With a growing fan base, are Under Armour shoes good for running?
After a period of time where it felt like they had given up on making running shoes, Under Armour now brings us some really nice new releases and updates.
We’re talking about the Under Armour Hovr Machina, the Flow Velociti Wind, and the Sonic 4.
But are they any good for running or they just other Under Armour shoes?
Let’s find out…
Are Under Armour Shoes Good For Running?
If you’re looking for a quick answer, then yes, Under Armour shoes are really good for running.
To back up my answer, I’m going to be shortly reviewing 3 great Under Armour running shoes:
- Under Armour Hovr Machina
- Under Armour Flow Velociti Wind
- Under Armour Hovr Sonic 4
Under Armour Hovr Machina
This is a road neutral shoe.
We’re looking at 8 millimeters from heel to toe with 33 millimeters of stack height in the heel and 25 millimeters in the forefoot.
For weight, we’re looking at 10.4 oz in men’s size 9 or 8.7 oz in women’s size 8, which I believe is a little heavy for a daily trainer.
Trail shoes are usually in that weight range, but road shoes usually are not. So, it is on the heavier side when it comes to the weight in the Machina.
But even though it’s a little heavy, it feels responsive like you could get up and go possibly because of that propulsion plate through the midfoot and under the toe box.
Who is it for?
You can use the Hovr Machina for daily training when you’re looking for that 10 to 15-mile run range. It’s a little too heavy for a long run.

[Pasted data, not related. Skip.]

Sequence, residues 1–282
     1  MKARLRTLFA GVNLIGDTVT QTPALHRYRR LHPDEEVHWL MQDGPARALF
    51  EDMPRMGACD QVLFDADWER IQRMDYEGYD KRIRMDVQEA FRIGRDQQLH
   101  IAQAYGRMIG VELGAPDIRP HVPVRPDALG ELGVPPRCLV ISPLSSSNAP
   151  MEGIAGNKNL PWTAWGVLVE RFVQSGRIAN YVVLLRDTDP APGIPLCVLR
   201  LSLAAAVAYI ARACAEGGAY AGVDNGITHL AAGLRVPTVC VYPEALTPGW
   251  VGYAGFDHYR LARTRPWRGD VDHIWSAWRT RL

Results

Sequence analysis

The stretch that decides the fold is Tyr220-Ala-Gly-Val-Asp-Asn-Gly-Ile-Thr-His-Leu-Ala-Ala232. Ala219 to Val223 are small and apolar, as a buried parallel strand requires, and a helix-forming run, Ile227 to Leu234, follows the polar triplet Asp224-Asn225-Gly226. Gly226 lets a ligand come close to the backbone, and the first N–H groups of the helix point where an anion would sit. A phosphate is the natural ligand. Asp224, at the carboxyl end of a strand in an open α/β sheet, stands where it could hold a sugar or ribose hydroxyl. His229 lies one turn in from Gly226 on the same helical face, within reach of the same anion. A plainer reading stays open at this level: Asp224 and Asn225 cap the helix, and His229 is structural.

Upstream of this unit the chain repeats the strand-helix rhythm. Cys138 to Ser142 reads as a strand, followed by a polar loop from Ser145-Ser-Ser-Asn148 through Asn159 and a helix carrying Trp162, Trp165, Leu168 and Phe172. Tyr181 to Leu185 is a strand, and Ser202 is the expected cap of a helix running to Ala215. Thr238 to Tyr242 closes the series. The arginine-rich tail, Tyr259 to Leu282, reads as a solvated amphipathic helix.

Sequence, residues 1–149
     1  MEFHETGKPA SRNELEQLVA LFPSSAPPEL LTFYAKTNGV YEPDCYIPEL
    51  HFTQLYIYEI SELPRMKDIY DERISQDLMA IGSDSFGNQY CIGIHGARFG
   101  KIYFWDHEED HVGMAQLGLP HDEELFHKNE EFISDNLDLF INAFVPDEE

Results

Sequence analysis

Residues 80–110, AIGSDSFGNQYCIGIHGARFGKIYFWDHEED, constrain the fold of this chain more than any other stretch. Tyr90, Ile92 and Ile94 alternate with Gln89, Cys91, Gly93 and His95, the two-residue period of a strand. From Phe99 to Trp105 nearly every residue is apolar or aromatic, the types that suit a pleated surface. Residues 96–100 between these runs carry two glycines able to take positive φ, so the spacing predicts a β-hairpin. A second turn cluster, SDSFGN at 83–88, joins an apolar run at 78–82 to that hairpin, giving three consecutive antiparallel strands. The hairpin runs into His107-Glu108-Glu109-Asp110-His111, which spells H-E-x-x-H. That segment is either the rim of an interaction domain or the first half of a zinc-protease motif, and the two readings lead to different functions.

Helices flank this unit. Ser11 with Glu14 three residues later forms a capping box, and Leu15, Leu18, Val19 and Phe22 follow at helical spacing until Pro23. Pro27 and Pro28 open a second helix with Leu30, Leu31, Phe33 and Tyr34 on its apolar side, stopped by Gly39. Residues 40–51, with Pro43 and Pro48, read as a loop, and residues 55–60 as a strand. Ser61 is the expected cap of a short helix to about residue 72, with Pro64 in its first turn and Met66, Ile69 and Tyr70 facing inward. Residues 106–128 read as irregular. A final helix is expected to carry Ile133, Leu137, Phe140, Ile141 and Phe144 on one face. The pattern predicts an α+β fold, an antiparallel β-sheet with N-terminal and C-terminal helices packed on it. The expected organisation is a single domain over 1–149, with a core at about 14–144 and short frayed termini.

Also, you could use this shoe a little more so earlier in the training block when you’re not quite as concerned or interested in going faster on your daily training run and you want just to put the miles in building that aerobic engine.
If you’re a bigger runner, I think this shoe would be great for you. Again, the Machina is built like a tank and I think it could withstand a lot of weight on top of it.
If you want, you can connect this shoe to your phone through MapMyRun app. In real-time, the shoe will talk to you through the app and give you tips on your stride and stuff like that.
It’s an engineered mesh. In fact, the entire upper including the tongue, which is a gusseted tongue, is a plush upper meaning extra padding and extra cushion. It’s not a minimalist upper by any means.
Also on the generously padded heel counter, they did place an extra overlay just to add a little more uniformity and a little more rigidity to in the back. It’s not as rigid as the Asics GlideRide which has a real serious overlay going on through the heel counter.
But this Machina is actually mimicking that GlideRide heel counter but just not quite as much.
The eyelet chain just seems a little wider compared to some other shoes that I’ve laced up recently. It’s not a big deal but just a little wider through that eyelet chain.
It does have the extra hole for the runner’s knot.
The midsole is the Under Armour Hovr foam through the midsole.
Doing the twist test, I’m going to say the midsole is on the firmer side. I don’t want to say rigid but it’s not twisting very much and I can barely bend this shoe.
However, the ride is pretty good through that midsole. What I mean is the landing is not hard on the pavement.
Also in the midsole, they’ve got this propulsion plate. It’s not a carbon-fiber plated shoe. It’s just a type of plastic built-in through that midsole to help with your toe-off.